Basalt is defined by its mineral content and texture, and physical descriptions without mineralogical context may be unreliable in some circumstances. Basalt is usually grey to black in colour, but rapidly weathers to brown or rust-red due to oxidation of its mafic (iron-rich) minerals into hematite and other iron oxides and hydroxides. Although usually characterized as "dark", basaltic rocks exhibit a wide range of shading due to regional geochemical processes. Due to weathering or high concentrations of plagioclase, some basalts can be quite light-coloured, superficially resembling andesite to untrained eyes. Basalt has a fine-grained mineral texture due to the molten rock cooling too quickly for large mineral crystals to grow; it is often porphyritic, containing larger crystals (phenocrysts) formed prior to the extrusion that brought the magma to the surface, embedded in a finer-grained matrix. These phenocrysts usually are of olivine or a calcium-rich plagioclase, which have the highest melting temperatures of the typical minerals that can crystallize from the melt.
Basalt with a vesicular texture is called vesicular basalt, when the bulk of the rock is mostly solid; when the vesicles are over half the volume of a specimen, it is called scoria. This texture forms when dissolved gases come out of solution and form bubbles as the magma decompresses as it reaches the surface, yet are trapped as the erupted lava hardens before the gases can escape.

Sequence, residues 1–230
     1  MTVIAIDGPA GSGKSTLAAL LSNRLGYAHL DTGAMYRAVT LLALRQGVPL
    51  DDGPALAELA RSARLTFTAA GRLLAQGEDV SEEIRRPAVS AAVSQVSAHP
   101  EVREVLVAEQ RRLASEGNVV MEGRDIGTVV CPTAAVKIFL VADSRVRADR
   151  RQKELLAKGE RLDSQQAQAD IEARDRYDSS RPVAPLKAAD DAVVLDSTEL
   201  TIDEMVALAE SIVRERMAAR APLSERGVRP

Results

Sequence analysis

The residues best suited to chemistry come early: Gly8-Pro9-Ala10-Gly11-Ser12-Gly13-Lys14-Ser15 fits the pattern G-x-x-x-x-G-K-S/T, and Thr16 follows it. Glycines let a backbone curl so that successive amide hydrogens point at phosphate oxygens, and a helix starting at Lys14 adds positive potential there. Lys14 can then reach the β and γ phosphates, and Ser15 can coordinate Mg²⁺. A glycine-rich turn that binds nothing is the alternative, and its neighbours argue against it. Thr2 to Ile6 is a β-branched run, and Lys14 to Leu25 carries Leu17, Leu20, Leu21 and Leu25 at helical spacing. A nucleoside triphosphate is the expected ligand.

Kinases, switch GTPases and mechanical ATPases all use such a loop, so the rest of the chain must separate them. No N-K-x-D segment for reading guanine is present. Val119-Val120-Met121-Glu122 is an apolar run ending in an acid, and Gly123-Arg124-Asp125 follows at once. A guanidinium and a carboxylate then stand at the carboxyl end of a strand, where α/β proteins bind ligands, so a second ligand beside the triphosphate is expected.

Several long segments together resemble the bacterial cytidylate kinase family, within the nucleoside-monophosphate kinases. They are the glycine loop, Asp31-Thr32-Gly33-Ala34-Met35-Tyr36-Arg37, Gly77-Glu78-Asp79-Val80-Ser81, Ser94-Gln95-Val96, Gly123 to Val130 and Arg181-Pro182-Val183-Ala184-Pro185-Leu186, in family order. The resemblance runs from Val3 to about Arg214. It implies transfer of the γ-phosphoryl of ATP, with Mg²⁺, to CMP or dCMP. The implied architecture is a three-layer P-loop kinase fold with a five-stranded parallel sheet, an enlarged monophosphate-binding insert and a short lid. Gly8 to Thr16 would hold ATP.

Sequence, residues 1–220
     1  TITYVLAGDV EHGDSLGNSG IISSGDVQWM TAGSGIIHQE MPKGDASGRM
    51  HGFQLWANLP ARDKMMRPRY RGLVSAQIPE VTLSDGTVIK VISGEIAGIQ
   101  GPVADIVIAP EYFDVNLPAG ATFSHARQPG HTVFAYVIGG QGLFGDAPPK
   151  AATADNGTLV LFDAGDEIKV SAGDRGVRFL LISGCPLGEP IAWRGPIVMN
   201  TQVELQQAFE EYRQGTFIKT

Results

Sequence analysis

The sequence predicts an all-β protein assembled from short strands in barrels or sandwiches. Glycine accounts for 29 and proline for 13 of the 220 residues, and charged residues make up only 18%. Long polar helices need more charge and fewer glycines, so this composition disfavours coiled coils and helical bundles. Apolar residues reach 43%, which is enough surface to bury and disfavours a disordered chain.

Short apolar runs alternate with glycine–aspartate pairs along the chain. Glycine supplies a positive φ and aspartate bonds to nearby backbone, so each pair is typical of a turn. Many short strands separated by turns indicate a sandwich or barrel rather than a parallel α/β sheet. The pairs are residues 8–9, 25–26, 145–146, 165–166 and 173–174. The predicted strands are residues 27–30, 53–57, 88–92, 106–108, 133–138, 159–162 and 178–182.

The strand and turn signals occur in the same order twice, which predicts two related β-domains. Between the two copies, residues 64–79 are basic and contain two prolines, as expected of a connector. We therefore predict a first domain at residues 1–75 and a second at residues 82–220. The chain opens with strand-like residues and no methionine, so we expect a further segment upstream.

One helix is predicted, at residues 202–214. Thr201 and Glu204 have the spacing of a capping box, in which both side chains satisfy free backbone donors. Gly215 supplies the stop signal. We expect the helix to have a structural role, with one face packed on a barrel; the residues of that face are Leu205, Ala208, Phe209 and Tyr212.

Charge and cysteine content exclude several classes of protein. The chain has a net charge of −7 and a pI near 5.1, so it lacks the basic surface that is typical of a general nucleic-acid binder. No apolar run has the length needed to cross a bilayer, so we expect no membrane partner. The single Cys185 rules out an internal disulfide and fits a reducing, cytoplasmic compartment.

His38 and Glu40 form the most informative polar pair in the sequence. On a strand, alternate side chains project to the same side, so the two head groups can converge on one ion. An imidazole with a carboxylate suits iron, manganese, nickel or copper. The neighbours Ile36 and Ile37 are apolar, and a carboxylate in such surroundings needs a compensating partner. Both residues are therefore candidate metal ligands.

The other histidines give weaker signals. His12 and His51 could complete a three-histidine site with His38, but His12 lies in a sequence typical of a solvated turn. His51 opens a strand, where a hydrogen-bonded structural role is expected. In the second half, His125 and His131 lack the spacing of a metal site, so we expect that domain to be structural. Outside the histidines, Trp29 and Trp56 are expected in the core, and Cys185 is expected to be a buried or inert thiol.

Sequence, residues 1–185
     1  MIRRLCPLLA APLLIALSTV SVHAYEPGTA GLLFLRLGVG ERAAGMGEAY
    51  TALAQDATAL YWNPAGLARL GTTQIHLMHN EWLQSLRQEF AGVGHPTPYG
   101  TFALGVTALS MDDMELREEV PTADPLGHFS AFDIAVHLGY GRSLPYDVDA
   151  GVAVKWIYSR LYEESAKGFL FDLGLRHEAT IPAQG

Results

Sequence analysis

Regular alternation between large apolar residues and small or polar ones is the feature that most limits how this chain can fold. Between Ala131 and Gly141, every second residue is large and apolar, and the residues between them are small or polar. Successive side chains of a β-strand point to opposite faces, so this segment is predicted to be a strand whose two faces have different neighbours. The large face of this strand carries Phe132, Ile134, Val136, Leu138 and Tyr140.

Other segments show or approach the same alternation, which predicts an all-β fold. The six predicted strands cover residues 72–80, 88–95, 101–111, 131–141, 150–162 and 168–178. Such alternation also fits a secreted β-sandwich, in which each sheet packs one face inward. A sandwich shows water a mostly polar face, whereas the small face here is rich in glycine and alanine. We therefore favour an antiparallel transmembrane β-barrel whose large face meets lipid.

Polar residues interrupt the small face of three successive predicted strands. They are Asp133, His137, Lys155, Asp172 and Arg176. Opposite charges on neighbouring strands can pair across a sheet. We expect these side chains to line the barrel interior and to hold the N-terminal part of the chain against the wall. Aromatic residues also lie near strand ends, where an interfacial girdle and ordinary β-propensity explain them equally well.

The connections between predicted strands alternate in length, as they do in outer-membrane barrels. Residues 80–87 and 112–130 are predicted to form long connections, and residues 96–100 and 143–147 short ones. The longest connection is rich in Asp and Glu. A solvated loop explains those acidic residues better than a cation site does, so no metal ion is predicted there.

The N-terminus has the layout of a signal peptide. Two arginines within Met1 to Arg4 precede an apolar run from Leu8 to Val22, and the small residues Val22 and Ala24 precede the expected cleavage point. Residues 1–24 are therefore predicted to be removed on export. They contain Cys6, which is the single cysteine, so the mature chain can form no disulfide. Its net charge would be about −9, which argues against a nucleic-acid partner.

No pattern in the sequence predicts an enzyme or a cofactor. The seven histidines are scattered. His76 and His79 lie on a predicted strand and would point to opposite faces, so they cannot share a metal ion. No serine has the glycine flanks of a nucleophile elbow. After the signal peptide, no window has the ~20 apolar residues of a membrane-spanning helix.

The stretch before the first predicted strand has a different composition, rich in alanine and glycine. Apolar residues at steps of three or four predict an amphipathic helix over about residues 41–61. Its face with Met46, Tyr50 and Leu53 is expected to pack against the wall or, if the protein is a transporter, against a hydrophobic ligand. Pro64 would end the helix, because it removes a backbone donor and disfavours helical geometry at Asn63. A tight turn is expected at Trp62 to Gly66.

The term basalt is at times applied to shallow intrusive rocks with a composition typical of basalt, but rocks of this composition with a phaneritic (coarser) groundmass are generally referred to as diabase (also called dolerite) or, when more coarse-grained (crystals over 2 mm across), as gabbro. Gabbro is often marketed commercially as "black granite."
In the Hadean, Archean, and early Proterozoic eras of Earth's history, the chemistry of erupted magmas was significantly different from today's, due to immature crustal and asthenosphere differentiation. These ultramafic volcanic rocks, with silica (SiO2) contents below 45% are usually classified as komatiites.